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A hawkish speech and higher oil prices propelled the Loonie to the third top spot last week. Let’s see if this week’s set of catalysts push it back up to top 1.

Employment numbers (May 11, 12:30 pm GMT)

Last month’s release provided the Loonie the extra “oomph” the currency needed to be the best-performing among its peers that week.

See, Canada created 32,300 jobs in March, while the unemployment rate and participation rate were unchanged at 5.8% and 65.5% respectively. The most encouraging part was the 3.1% annual wage increase, which matched February’s growth.

While the reports won’t necessarily have BOC Governor Poloz and his team jumping for the rate hike button, it’s still mostly in line with the central bank’s slightly hawkish bias.

This week analysts see the unemployment rate maintaining its 5.8% figure, while a net of 19,500 workers are expected to have found jobs in April.

If the reports printed more optimistic numbers, then we might see more traders price in Poloz’ hawkishness from last week (read the gist of his speech below).

NAFTA and oil-related concerns

Word around the hood is that NAFTA talks are heating up ahead of U.S. and Mexican elections due in a few weeks.

If the Donald and his team remain unfazed by the pressure and stick to their hard lines, then we might see the Loonie lose ground across the board. But if we see deals sooner than later, then the Canadian dollar could maintain its uptrend against its major counterparts.

As you can see below, the Loonie tends take cues from oil prices. Well, if the correlation holds true, then we might be in for a ride.

For newbies out there, you should know that the U.S. is widely expected to walk away from Iran’s nuclear deal. BFD, since the return of sanctions would mean more (economic) pain and maybe lower production for the oil-producing country.

Oh, and keep an eye on Venezuala, too! The country’s economic problems are weighing on its capacity to produce and refine oil, which could further limit global oil supply.

Last Week’s Price Review

The Loonie is the third top-performing currency of the week (as of 5:00 pm GMT), which is a lower ranking compared to last week when the Loonie came in second place. Even so, this marks the second consecutive week of net wins for the Loonie.

Overlay of CAD Pairs & Crude Oil (Black Line): 1-Hour Forex Chart
Overlay of CAD Pairs & Crude Oil (Black Line): 1-Hour Forex Chart

Anyhow, the Loonie was mainly taking directional cues from oil prices. However, there’s a glaring instance of decoupling on Tuesday since the Loonie traded broadly higher (except USD/CAD) as oil prices dropped.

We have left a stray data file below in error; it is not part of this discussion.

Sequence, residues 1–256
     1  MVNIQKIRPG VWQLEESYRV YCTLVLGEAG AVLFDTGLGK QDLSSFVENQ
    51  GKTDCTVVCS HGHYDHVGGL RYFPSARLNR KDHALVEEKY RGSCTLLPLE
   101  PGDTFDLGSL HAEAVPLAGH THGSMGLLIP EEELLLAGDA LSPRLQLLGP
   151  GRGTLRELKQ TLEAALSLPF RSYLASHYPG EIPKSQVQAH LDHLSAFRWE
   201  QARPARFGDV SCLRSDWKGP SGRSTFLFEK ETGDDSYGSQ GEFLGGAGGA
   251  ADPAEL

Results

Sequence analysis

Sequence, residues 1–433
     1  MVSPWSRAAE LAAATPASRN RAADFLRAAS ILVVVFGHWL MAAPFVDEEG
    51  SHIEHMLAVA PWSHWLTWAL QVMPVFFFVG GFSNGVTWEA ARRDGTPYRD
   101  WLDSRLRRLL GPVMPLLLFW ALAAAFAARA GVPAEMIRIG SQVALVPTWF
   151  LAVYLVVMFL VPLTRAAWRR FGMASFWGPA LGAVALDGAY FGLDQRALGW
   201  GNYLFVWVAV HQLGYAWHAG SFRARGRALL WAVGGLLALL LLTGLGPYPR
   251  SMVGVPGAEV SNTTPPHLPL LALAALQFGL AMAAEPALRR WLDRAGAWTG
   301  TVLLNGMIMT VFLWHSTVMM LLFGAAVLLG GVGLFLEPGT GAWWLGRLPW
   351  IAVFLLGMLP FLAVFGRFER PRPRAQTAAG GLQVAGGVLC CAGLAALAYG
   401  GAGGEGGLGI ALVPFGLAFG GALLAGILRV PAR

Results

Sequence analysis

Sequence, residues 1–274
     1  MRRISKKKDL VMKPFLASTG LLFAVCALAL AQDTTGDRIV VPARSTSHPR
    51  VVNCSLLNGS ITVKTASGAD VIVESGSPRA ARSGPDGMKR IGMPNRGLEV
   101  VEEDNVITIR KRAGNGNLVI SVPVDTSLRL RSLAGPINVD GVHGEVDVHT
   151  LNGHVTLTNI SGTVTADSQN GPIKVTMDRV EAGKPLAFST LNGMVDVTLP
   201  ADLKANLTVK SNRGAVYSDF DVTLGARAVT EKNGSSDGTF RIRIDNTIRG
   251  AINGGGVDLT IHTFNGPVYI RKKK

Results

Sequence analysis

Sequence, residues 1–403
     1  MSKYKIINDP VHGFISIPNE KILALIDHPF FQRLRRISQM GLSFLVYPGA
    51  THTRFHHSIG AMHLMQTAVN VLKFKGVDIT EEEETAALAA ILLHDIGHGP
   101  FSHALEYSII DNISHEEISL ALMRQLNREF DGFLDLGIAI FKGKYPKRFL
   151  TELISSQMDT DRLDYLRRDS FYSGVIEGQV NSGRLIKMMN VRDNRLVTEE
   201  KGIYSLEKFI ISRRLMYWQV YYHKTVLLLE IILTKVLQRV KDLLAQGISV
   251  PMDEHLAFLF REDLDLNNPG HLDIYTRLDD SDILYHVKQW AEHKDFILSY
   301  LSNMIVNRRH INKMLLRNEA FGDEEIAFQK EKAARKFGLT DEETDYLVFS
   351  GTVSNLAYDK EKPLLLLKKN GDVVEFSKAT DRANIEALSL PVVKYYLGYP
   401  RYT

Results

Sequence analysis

There’s no apparent reason for the Loonie’s show of strength at the time. However, a catalyst did emerge later when Canada’s monthly GDP report came in better-than-expected.

The Loonie also encountered additional buying pressure and even began to recover against the Greenback after BOC Guv’nah Poloz gave an optimistic speech.

As for specifics, Poloz had these to say:

[T]he economy will require higher interest rates over time to meet our inflation goals.

“In our Monetary Policy Report (MPR) last month, we published our latest estimate of Canada’s neutral rate, saying it falls in a range between 2.50 and 3.50 per cent, assuming that all shocks affecting the economy have dissipated. At 1.25 per cent, our current policy rate is still well below our estimate of the neutral rate.”

“These forces [that restrain the economy] will not last forever. As they fade, the need for continued monetary stimulus will also diminish and interest rates will naturally move higher.”

“[W]e are becoming more confident that the economy will need less monetary stimulus over time.

Poloz did try to temper his hawkish message by pointing out the high levels of household debt in Canada, as well as the dangers of hiking too quickly. Overall, however, Poloz’s message was still rather hawkish.

Anyhow, the Loonie appeared to take its marching orders from oil prices after that. Although it’s worth pointing out that the Loonie was reluctant to track the surge in oil prices on Thursday. And that may have been due to dampened demand for the Loonie after Canada printed a record high trade deficit in March.

Also, it’s possible that the Loonie got an extra boost when the Ivey printed a better-than-expected PMI reading on Friday (71.5 vs. 60.2 expected, 59.8 previous). It’s hard to tell, though, since oil prices were also surging at the time.